Front seats are supportive in the right places and a standard tilt/telescoping steering wheel makes it easy to find a comfortable driving position. The rest of the ergonomics are straightforward, the switches and controls are high quality and everything is assembled perfectly.
This is compact car so, two rear seat passengers have adequate room, but nix a third person. And, since it’s a hybrid, the battery robs trunk cargo room, reducing it to 10 cubic feet versus 12.3 for its gas-only siblings.
Following Acura’s tradition, the base ILX Hybrid is very well equipped: keyless access with push-button ignition, heated exterior mirrors, speed sensing wipers, leather steering wheel and shift knob and of course, power windows and outside mirrors as well as cruise control. There’s no need to upgrade to the Technology package for features like Bluetooth, a USB port and voice text messaging because they are standard.
Acura doesn’t offer a list of options, rather the company bundles them into packages. The Technology Package is the only upgrade available for the Hybrid model. It includes a navigation system with voice recognition, AcuraLink communication system, leather seating, driver’s eight-way power seat, heated front seats, Xenon HID headlights and rearview camera. For music aficionados with long commutes, the ELB surround sound system alone is worth the additional $5,100 price.
On The Road
With the Honda Civic’s ride and handling reputation of being among the very best in class, engineers had a leg up in tweaking the chassis to conform with Acura’s tradition of overall driving fun with a refined feel in ride and handling. Acura reworked the rear multi-link rear suspension’s geometry, revised bushings and added dampers with two-stage valving at all four corners. The ILX also has a quicker steering ratio for a crisper steering response and body tensional rigidity is increased for added control during cornering.
The upgraded suspension tuning and more rigid body provides a refined ride comfort while delivering agile and responsive handling. Steering is nicely weighted and executes sharp cornering in an effortless manner.
When accelerating rapidly from a stop or merging into fast moving traffic, the ILX doesn’t exhibit much gusto. This can remedied by using the paddle shifters — hold after downshifting two or three gear settings and acceleration quickens. In ordinary driving conditions, however, the powertrain absolves itself well enough and the car becomes a solid performer on the highway.
Around town the Hybrid has a smooth, fairly well damped ride and it’s easy-to-drive and easy-to-park. The highway ride is firm, controlled and pleasant, not harsh. Bumps and those pesky expansion joints have a negligible impact.
One thing that sets the Acura apart from the Civic that lets you know it is in the entry luxury class is the quiet ride. This is accomplished by the use of laminated glass and the audio system’s noise cancellation feature.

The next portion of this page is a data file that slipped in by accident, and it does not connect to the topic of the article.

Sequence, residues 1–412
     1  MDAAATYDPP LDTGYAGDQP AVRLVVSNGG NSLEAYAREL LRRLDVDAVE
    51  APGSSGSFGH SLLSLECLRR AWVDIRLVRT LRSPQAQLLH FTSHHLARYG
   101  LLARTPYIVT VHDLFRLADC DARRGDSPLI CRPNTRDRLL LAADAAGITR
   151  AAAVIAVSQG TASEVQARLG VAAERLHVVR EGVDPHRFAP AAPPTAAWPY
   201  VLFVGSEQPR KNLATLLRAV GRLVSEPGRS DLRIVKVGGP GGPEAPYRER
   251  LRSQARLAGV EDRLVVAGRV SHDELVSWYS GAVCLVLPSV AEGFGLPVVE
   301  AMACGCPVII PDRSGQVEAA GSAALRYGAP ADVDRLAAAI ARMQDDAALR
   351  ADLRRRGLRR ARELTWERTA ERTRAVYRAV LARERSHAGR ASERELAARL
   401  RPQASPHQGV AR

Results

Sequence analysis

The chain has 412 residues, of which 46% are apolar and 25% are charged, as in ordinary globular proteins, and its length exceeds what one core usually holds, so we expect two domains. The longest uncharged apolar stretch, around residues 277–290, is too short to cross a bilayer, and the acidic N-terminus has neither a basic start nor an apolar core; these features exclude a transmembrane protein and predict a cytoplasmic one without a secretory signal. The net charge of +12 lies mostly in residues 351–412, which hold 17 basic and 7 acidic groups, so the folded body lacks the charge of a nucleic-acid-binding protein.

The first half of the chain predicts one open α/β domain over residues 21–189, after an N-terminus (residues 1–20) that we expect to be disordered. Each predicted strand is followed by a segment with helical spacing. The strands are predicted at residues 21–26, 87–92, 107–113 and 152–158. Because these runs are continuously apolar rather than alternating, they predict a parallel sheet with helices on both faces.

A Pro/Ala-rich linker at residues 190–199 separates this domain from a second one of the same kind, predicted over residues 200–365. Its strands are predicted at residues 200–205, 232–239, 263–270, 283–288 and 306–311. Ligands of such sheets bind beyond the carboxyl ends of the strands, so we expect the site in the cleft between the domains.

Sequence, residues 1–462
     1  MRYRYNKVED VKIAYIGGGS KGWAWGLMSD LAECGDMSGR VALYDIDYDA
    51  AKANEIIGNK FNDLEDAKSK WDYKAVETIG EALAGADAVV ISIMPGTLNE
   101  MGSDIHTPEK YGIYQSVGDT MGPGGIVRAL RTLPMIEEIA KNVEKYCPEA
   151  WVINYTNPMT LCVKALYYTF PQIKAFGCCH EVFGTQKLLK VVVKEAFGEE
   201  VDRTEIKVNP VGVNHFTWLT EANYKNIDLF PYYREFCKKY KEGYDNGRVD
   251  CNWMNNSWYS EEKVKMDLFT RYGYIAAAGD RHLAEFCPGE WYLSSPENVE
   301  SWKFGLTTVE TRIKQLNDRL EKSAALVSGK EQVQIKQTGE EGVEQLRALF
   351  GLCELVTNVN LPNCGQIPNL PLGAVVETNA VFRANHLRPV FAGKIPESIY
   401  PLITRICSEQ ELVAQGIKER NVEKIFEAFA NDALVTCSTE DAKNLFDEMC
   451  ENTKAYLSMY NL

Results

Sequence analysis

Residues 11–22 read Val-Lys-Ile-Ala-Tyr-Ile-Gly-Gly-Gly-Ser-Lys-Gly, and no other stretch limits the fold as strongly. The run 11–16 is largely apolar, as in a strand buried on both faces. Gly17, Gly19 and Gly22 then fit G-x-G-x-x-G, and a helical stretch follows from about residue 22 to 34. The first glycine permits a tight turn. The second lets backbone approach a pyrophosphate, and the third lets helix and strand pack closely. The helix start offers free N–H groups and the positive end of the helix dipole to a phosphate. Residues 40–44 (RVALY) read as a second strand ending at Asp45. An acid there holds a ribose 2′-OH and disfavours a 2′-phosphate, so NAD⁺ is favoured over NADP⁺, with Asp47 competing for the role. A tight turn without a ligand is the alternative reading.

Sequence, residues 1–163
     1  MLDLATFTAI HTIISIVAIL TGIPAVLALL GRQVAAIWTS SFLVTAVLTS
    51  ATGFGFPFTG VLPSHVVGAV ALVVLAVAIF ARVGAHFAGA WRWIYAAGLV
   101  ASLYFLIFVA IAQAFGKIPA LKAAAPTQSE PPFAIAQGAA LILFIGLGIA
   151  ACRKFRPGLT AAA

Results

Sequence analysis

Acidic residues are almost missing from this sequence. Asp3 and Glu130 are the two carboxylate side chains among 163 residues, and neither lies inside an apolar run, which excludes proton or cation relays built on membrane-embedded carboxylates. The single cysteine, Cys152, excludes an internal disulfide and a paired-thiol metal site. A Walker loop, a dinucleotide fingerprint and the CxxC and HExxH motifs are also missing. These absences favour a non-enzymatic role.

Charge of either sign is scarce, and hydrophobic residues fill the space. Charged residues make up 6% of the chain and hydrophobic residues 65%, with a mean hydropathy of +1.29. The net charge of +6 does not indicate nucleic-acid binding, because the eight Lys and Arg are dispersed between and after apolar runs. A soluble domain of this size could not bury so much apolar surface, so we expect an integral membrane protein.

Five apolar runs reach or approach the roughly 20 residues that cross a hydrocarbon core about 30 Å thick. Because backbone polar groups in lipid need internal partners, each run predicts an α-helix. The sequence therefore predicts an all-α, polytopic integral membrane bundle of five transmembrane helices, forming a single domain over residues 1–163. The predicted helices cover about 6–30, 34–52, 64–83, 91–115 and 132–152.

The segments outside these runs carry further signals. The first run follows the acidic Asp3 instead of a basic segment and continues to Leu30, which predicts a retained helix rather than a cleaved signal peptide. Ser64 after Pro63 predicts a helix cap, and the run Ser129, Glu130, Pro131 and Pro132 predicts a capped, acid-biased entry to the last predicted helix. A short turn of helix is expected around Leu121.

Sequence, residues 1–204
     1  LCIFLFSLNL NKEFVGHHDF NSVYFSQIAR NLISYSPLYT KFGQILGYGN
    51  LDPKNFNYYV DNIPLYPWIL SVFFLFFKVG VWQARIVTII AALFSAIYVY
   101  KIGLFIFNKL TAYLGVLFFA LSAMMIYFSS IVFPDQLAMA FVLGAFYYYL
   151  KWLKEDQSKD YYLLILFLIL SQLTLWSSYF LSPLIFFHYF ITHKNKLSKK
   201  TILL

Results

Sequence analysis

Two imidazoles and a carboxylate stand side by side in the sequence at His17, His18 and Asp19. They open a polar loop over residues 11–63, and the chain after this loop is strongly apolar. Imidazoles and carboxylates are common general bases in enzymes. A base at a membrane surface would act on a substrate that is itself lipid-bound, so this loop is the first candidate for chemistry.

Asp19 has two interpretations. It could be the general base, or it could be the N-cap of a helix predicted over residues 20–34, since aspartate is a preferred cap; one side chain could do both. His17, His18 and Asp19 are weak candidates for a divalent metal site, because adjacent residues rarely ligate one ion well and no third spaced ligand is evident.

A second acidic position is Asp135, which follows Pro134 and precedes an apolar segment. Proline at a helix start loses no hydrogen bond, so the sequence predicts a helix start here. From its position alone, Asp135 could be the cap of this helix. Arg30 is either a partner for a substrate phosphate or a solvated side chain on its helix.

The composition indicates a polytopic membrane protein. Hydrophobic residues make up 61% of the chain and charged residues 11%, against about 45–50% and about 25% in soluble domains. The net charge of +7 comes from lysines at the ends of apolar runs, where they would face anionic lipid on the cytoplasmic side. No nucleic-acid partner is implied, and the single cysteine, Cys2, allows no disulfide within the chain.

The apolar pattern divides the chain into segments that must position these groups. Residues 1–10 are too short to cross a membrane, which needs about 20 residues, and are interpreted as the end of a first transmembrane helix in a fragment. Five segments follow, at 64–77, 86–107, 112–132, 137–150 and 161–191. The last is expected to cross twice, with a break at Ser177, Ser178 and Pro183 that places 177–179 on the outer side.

But, there is one thing Acura didn’t overcome. When the gas engine restarts after shutting down temporarily at stops, the car shudders as it gets up to speed, just like the Civic Hybrid and that’s a luxury demerit.
Hybrid cars are all about fuel economy and the ILX, like most cars, gas-only powered or hybrid, can deliver fuel economy results that are better than the EPA numbers if driven properly, and I don’t mean hypermiling techniques.
Our travels during a week with the ILX Hybrid racked up 379 miles, 187 miles on Interstates, the balance was mixed in town and some highway miles. Results? Our combined fuel economy was 41 mpg, three mpg more than the EPA’s estimate.
ILX Hybrid in the Marketplace
Acura says the target customers for the new ILX are the younger members of Generation X and members of Generation Y— successful 20- and 30-somethings moving into the luxury car ranks but looking for high-value propositions in their purchases. The automaker is counting on this group of buyers to become longtime Acura customers.
The ILX Hybrid’s only direct hybrid competitor is the Lexus CT 200h. It’s $3,150 more than the Acura but the 43-city/40 highway fuel economy bests the ILX. However, Lexus will soon be dropping the 200h from the lineup, leaving the ILX as the least expensive luxury hybrid.
Acura considers Audi’s A3 a competitor, even though it is not a hybrid. Indeed, the A3 TDI diesel offers excellent fuel economy — 30 city and 42 highway — and has a base price of $30,250, $1,350 more than the ILX.
The ILX fills a gap in Acura’s lineup that has been missing for some time and opens door for new buyers wanting to step up to a premium car without a premium price. The added bonus is there’s a premium hybrid without a premium price.
Prices are Manufacturer Suggested Retail Price (MSRP) at time of publication and do not include destination charges, taxes or licensing.